Hobby Lobby Stores Inc. is asking a federal appeals court to expedite its case against the U.S. Department of Health and Human Services in hopes of avoiding millions of dollars in fines the company could face this summer for failing to cover the cost of emergency contraceptives for its employees.
The company now hopes to have its case heard by the U.S. 10th Circuit Court of Appeals in Denver in April or early May to have a ruling by July 1.
If the court grants the company's motion to expedite the case, the Oklahoma City retailer would likely become the first of several companies that challenged the federal mandate on emergency contraceptives to have its case heard by an appellate court. That also could put the company first in line to eventually have its case heard by the U.S. Supreme Court, said Kyle Duncan, general counsel for the Becket Fund for Religious Liberty, which is defending Hobby Lobby in its lawsuit.
“These cases are ultimately going to have to be decided by the U.S. Supreme Court,” Duncan said.
U.S. Justice Department attorneys defending the federal government in Hobby Lobby's lawsuit are not expected to oppose Hobby Lobby's motion to speed up the legal process, Duncan said.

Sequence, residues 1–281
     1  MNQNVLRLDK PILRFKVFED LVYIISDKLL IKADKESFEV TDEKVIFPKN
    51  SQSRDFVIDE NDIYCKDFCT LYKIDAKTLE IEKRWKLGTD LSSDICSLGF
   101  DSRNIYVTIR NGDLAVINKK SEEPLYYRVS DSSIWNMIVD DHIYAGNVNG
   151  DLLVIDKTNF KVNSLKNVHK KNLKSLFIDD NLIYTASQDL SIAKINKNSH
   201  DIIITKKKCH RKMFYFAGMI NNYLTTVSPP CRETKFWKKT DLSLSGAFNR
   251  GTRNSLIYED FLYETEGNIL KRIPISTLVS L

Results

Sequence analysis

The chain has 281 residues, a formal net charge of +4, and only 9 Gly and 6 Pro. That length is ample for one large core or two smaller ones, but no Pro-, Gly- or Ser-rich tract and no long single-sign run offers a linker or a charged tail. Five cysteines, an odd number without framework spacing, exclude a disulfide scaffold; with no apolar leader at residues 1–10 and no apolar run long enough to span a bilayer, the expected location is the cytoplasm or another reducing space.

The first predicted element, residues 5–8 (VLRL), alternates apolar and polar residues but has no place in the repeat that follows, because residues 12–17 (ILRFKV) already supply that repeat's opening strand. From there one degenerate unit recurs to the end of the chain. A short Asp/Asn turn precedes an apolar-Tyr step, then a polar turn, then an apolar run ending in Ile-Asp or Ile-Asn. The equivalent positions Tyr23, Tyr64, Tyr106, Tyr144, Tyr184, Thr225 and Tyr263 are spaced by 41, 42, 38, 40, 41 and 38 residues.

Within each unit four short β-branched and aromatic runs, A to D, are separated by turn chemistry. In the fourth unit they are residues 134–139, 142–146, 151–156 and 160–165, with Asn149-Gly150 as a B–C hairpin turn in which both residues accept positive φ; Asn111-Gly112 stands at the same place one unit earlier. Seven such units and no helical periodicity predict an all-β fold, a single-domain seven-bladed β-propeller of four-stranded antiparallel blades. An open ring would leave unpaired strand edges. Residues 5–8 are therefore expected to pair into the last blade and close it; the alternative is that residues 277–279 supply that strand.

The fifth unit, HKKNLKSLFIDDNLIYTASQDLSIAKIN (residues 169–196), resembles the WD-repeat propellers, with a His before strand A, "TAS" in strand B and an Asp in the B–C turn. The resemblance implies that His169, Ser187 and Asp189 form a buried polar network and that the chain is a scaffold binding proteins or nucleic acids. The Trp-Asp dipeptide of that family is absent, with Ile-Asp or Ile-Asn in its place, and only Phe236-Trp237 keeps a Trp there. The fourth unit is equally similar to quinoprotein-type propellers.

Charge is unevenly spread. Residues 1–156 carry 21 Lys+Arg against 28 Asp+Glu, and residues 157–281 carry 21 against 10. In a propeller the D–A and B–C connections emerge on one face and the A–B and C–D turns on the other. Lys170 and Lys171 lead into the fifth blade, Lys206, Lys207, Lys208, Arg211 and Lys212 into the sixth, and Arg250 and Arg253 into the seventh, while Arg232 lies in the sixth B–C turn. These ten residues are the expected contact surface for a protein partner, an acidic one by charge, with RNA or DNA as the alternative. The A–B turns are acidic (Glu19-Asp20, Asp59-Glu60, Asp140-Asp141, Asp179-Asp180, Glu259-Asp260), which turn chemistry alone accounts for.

In court documents filed Thursday, Hobby Lobby said it would begin incurring massive fines July 1 for failing to comply with a federal mandate that is part of the Affordable Care Act that requires it to pay for emergency contraceptives.
Short-term fix in place
The company shifted the beginning of its employee health plan year in January to temporarily stave off incurring the penalties. Hobby Lobby has said previously that it could face fines of up to $1.3 million a day for failing to provide the emergency contraceptives coverage for its workers.
The company will continue to offer health insurance coverage for its workers without paying for emergency contraceptives, even if that means incurring millions in fines, Duncan said.
“But if and when the government tries to fine them, they will take all legal means to minimize and avoid those fines,” he said.
Hobby Lobby founder David Green and his family believe some types of emergency contraceptives, including the morning-after pill, are forms of abortion, which conflicts with the family's Christian religious beliefs.
The federal government argues that constitutional rights to religious freedom do not apply to Hobby Lobby because the company is a secular, for-profit corporation.
These cases are ultimately going to have to be decided by the U.S. Supreme Court.”
General counsel for the Becket